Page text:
IN RE: Nathan FRAILEY

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Supreme Court, Cayuga County, New York.

IN RE: Nathan FRAILEY, Petitioner, v. Joseph McCOY, as Superintendent of Cayuga Correctional Facility, et al., Respondents.

Decided: May 21, 1999

Nathan Frailey, petitioner pro se. Eliot Spitzer, Attorney General, Syracuse (Patricia M. Bordonaro of counsel), for respondents.

The Court has reviewed the petition for a Writ of Habeas Corpus, verified on March 26, 1999, in which petitioner seeks his release from custody on the grounds that the application of the parole guidelines enacted in January, 1997, to his case violated the ex post facto clause of the United State Constitution.

Petitioner was revoked and restored to the Willard Drug Treatment Campus following a final parole revocation hearing held on December 23, 1998.   While at Willard, he violated the conditions of his parole by failing to complete the program.   At a final parole revocation hearing regarding this violation, petitioner's parole was revoked, and a 10-month hold was ordered.

Petitioner now contends his detention is illegal on the grounds that the application of the parole guidelines which were enacted in January 1997 to his case violated the ex post facto clause of the U.S. Constitution.

 The Court finds petitioner's arguments to be without merit.   Petitioner has failed to preserve this issue for review by failing to file an administrative appeal of the determination sending him to Willard, as is allowed under 9 NYCRR part 8006.  Matter of Crowley v. O'Keefe, 74 N.Y.2d 780, 545 N.Y.S.2d 101, 543 N.E.2d 744, dismissing appeal from 148 A.D.2d 816, 538 N.Y.S.2d 652.   However, even if petitioner had filed an administrative appeal, the argument made would still not give rise to a finding in his favor.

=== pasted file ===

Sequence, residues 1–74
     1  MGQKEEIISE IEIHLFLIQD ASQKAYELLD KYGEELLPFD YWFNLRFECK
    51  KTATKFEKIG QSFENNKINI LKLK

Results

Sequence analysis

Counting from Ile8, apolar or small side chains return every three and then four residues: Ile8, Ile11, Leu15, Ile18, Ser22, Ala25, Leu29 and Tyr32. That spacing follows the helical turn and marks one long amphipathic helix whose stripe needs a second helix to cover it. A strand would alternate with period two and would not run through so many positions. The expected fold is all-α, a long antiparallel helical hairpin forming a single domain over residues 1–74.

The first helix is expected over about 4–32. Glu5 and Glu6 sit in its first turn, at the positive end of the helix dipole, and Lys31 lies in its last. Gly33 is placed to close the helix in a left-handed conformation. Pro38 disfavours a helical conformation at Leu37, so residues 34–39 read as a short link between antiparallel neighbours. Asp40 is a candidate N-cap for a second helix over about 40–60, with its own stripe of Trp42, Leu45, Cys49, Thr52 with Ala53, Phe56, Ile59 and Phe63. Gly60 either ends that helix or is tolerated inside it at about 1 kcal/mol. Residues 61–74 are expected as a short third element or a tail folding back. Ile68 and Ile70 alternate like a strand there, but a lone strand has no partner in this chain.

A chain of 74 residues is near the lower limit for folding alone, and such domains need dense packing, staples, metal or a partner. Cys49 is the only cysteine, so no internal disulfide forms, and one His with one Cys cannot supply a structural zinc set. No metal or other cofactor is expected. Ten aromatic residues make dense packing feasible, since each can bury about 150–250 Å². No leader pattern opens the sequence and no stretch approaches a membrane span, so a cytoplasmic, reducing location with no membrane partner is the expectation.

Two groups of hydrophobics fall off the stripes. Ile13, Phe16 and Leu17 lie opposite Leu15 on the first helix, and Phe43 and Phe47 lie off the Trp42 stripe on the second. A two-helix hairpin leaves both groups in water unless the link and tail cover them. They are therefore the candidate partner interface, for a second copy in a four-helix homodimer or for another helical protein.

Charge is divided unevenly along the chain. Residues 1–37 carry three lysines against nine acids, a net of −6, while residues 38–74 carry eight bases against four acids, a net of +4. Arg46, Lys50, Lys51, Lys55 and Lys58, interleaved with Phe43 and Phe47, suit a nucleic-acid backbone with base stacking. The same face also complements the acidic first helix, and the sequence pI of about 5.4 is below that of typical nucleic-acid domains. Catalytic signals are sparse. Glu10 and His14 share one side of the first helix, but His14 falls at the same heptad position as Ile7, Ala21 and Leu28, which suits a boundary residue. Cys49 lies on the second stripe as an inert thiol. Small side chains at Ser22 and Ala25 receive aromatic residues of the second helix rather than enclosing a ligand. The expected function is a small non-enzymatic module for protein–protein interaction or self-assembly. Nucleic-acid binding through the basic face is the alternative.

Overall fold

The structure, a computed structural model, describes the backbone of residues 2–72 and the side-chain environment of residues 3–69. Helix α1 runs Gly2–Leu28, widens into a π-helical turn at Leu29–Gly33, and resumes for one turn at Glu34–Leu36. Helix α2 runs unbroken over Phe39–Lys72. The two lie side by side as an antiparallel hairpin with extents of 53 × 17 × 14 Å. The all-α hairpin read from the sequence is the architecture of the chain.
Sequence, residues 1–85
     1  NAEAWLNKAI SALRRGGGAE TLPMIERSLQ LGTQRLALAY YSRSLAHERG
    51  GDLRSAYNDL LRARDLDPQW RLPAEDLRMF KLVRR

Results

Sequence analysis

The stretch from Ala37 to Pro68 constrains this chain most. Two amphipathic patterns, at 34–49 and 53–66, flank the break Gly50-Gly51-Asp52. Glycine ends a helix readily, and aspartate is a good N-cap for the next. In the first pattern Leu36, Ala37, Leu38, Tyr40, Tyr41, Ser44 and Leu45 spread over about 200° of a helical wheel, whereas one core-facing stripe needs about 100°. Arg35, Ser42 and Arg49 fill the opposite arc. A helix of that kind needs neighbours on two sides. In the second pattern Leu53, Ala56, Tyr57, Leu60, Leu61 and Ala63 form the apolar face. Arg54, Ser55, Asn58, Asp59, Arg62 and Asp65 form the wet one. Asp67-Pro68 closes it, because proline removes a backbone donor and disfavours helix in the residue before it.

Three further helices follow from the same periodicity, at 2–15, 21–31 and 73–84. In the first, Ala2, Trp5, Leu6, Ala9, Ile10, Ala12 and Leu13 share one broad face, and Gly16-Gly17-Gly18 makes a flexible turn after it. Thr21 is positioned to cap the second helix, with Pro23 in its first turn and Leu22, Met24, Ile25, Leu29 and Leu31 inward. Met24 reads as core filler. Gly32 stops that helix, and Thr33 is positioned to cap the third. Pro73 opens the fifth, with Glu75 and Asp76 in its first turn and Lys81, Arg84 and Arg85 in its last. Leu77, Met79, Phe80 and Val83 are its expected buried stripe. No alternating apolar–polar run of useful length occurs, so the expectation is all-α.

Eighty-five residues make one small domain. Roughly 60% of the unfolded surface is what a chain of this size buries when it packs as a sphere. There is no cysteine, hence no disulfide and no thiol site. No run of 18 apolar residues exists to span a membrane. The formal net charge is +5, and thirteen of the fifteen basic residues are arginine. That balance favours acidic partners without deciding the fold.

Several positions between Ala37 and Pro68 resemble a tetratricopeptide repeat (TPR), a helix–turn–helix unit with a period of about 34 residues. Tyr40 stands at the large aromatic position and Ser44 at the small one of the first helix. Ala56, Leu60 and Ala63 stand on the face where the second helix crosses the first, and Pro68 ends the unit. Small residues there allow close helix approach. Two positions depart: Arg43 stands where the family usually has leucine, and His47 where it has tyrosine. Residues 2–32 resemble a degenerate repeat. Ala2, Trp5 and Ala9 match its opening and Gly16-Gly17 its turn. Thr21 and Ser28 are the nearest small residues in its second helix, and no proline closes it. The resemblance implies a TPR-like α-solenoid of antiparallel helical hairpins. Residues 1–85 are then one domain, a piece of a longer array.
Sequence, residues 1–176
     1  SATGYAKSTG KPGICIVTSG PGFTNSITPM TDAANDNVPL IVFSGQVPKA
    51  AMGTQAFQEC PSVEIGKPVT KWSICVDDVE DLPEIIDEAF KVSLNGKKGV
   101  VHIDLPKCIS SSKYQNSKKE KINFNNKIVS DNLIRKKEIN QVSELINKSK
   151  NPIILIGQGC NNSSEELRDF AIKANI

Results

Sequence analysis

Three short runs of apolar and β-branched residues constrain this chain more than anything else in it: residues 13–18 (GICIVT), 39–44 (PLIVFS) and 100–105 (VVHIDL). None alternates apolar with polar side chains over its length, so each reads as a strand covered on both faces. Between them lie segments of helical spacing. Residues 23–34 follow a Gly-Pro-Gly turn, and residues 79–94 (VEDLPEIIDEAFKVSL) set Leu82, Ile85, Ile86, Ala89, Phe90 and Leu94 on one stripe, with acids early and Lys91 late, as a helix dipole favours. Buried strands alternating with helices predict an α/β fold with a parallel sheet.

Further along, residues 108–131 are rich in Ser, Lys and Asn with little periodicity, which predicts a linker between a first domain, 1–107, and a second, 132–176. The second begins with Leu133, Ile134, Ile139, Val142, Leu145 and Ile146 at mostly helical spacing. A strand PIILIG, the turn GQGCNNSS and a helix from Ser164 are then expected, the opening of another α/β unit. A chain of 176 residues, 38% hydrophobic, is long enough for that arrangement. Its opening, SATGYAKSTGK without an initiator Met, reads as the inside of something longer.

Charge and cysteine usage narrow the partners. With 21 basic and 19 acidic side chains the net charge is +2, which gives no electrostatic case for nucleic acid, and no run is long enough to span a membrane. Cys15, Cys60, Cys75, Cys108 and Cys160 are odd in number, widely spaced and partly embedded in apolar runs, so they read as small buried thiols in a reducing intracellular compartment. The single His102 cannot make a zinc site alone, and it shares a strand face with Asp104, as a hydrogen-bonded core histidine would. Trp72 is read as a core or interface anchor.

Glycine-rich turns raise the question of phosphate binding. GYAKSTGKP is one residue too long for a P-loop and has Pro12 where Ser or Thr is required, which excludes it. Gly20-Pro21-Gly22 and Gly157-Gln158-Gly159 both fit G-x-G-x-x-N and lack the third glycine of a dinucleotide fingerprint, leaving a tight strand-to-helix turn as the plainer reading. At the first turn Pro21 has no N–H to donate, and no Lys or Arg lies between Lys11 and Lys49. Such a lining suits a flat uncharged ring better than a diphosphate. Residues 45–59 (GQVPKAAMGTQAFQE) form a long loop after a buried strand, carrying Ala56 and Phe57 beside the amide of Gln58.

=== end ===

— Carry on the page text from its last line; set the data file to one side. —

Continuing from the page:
The crux of the petition is based on the common argument that the application of the parole guidelines dealing with the Willard Drug Treatment Campus to his case violated the ex post facto clause of the U.S. Constitution.   He contends that because he committed the underlying offense prior to January 1997, the parole guidelines in existence at the time his offense was committed should be applied to him.   In a recent First Department case, it was decided that the parole guidelines are not laws within the meaning of the ex post facto clause;  therefore, they may be applied to any current parole violator.   People ex rel. Marcus Johnson v. Russi, 258 A.D.2d 346, 685 N.Y.S.2d 661, 662.   Hence, petitioner's argument must fail.

Accordingly, based upon the foregoing, it is hereby

ORDERED that the petition verified March 26, 1999 be dismissed in its entirety, and the relief requested be denied.

PETER E. CORNING, J.

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